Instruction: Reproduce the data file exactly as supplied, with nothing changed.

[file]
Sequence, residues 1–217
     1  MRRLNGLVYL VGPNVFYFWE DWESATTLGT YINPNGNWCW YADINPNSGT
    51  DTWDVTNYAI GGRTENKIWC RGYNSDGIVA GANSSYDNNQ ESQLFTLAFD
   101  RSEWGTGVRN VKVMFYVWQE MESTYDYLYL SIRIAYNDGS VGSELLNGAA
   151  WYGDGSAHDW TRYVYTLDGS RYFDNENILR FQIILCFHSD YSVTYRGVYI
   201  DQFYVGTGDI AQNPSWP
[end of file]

Sequence, residues 1–217
     1  MRRLNGLVYL VGPNVFYFWE DWESATTLGT YINPNGNWCW YADINPNSGT
    51  DTWDVTNYAI GGRTENKIWC RGYNSDGIVA GANSSYDNNQ ESQLFTLAFD
   101  RSEWGTGVRN VKVMFYVWQE MESTYDYLYL SIRIAYNDGS VGSELLNGAA
   151  WYGDGSAHDW TRYVYTLDGS RYFDNENILR FQIILCFHSD YSVTYRGVYI
   201  DQFYVGTGDI AQNPSWP